Entitlements, Inheritors, and God’s Economy

Mark 10:17-31
October 14, 2018


The Wendell Berry poem we heard speaks to the way that being caught in the rat race of the quick profit does something to your soul. Something that can be resisted, that can be playfully confounded, and that keeps your soul fresh and free.


Because the things of our material reality really do have bearing on our spiritual life.


And this connects because this story we heard from Mark today can be read as a healing story, just like many other people who kneel at Jesus’ feet and ask for something from him.


See, the young man had lived a life that was about accumulation. And back then, wealth didn’t look like having five slick cars and the most top-of-the-line sporting gear and I don’t know, whatever else rich people spend money on. It wasn’t so much about possessions as it was about land. THat’s how people got and maintained wealth, through accumulating property.

And the way that property was most easily and quickly and regularly acquired was when people who were financially struggling defaulted on debts, and lost their property that was offered up as collateral.

So if someone was wealthy with property in this time, the chances are that they had acquired it or inherited it via economic exploitation. They had let the most vulnerable people in their community be submerged under debts they couldn’t pay, and took advantage of their peril to consolidate more of their own wealth.

And you can tell that this has done something to how this young man approaches his faith, too: he doesn’t ask Jesus “how do I live in accordance with eternal life?” he asks it through the lens he is used to seeing everything else: “what must I do to inherit eternal life?” as though this realm is one more property to consolidate. The word inherit, here, in Greek, is close to “be the tenant of, or enjoying the proceeds from”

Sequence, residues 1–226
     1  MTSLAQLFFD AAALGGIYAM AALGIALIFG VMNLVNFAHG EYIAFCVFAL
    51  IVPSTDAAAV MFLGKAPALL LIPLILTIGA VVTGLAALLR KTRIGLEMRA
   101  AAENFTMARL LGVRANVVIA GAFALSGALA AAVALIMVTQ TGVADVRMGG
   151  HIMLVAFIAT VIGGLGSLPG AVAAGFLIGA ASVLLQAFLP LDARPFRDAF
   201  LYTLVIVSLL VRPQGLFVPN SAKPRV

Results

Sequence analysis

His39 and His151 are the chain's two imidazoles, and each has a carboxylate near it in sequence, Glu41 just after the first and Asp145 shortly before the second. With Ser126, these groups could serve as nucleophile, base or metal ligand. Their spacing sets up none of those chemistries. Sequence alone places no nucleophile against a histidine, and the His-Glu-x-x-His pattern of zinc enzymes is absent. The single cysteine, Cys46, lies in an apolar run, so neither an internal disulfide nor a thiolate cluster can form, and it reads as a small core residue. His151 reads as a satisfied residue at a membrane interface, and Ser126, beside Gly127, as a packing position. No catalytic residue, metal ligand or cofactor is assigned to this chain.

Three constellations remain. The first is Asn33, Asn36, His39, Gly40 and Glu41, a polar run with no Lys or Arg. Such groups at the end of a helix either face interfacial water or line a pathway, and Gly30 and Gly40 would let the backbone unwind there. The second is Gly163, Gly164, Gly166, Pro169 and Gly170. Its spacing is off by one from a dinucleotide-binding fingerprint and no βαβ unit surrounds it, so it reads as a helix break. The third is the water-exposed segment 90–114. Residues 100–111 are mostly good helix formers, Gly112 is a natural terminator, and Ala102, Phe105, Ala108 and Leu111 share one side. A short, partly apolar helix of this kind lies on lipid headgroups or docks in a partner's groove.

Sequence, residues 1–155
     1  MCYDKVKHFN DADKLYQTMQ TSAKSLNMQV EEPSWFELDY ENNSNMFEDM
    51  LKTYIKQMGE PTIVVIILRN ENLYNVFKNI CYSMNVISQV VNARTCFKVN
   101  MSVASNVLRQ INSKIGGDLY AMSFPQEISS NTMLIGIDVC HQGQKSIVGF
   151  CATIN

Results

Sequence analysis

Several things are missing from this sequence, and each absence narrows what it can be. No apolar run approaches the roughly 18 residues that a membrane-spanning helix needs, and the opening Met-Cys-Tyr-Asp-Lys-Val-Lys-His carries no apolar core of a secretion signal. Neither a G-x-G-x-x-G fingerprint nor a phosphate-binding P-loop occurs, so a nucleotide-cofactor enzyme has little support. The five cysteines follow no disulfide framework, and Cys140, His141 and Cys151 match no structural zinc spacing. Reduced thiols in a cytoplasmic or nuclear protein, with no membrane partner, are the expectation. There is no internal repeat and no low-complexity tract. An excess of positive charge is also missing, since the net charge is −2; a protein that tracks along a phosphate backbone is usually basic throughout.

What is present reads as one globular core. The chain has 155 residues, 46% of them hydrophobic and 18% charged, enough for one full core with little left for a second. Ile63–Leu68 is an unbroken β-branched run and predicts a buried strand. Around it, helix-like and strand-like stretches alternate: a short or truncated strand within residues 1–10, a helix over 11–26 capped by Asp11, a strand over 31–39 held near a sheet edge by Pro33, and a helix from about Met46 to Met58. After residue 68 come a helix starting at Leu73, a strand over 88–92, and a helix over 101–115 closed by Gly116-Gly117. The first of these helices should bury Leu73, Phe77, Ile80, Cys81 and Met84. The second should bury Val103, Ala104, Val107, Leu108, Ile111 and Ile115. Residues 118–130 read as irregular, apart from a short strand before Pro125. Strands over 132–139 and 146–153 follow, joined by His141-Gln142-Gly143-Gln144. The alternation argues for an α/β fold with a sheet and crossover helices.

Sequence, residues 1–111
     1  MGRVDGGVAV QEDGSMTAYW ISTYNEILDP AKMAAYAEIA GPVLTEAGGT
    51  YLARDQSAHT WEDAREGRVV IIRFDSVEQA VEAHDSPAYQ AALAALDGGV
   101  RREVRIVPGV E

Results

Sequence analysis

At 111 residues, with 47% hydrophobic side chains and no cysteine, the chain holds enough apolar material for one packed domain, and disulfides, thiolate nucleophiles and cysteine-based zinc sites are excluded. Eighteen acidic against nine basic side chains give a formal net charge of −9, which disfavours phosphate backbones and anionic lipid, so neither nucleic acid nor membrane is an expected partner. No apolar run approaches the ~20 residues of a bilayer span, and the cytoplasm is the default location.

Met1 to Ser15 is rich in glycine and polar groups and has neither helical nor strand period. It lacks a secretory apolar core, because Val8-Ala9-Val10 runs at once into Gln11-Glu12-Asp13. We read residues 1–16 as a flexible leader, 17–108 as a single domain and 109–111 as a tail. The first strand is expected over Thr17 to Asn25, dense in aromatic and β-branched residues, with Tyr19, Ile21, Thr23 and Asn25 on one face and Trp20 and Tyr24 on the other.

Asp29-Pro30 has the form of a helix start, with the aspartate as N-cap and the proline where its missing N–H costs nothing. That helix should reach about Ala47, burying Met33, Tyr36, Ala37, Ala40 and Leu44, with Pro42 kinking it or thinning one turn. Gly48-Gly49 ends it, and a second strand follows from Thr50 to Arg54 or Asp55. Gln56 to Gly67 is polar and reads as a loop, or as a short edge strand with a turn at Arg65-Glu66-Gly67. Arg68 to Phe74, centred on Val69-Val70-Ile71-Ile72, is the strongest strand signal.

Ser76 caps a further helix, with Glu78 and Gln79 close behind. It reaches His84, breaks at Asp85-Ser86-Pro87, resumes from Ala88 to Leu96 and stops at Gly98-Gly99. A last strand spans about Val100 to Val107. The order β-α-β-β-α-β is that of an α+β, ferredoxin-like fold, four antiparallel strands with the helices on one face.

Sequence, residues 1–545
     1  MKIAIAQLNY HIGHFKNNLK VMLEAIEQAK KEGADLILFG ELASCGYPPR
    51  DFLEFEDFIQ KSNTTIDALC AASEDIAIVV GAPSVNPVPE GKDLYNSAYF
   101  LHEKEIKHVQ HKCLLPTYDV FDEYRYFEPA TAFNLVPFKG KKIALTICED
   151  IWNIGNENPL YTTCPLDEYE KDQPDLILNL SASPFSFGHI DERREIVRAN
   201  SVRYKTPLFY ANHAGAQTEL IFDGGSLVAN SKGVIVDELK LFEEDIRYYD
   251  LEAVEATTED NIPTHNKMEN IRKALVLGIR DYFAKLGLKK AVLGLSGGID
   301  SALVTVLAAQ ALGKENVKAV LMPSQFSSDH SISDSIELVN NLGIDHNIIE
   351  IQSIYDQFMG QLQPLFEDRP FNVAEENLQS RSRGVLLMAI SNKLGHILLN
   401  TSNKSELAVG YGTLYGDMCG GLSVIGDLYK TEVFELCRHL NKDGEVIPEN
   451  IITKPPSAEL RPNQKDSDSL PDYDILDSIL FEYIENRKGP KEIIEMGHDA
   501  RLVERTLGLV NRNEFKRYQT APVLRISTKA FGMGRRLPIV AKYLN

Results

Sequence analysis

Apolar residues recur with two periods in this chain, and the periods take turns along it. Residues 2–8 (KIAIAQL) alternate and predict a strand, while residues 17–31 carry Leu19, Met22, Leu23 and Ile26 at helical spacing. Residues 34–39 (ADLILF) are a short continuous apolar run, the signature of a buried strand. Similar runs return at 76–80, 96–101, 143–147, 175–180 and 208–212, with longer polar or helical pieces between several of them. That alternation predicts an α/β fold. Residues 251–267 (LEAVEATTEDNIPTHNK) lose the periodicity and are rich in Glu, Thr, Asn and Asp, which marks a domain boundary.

How do I get in on the benefits of eternal life?

How do I collect on the dividends from eternal life?

As though this is the next step in this system of entitlement he’s been living in.

And so that’s why Jesus, when he’s listing off the commandments, throws one more in that he knows is the barrier to this young man’s faith: do not defraud.

This story is perhaps not so much about wealth as inherently bad (although it’s hard to be wealthy without depriving someone, at some point, of something—even if it’s just “I save money to keep accumulated by buying cheap clothes, made by people made slave wages in Bangladesh), but that you can’t be part of God’s realm, you can’t live in God’s way, without living with economic justice.

The ENTIRE Bible lifts this up over and over: that faith in God connects directly with economic justice.

I have seen how money keep people trapped in inhumane and soul-devouring situations.

I don’t think it’s inherently bad to have money, but I have witnessed choices related to money support the most vile and violent systems.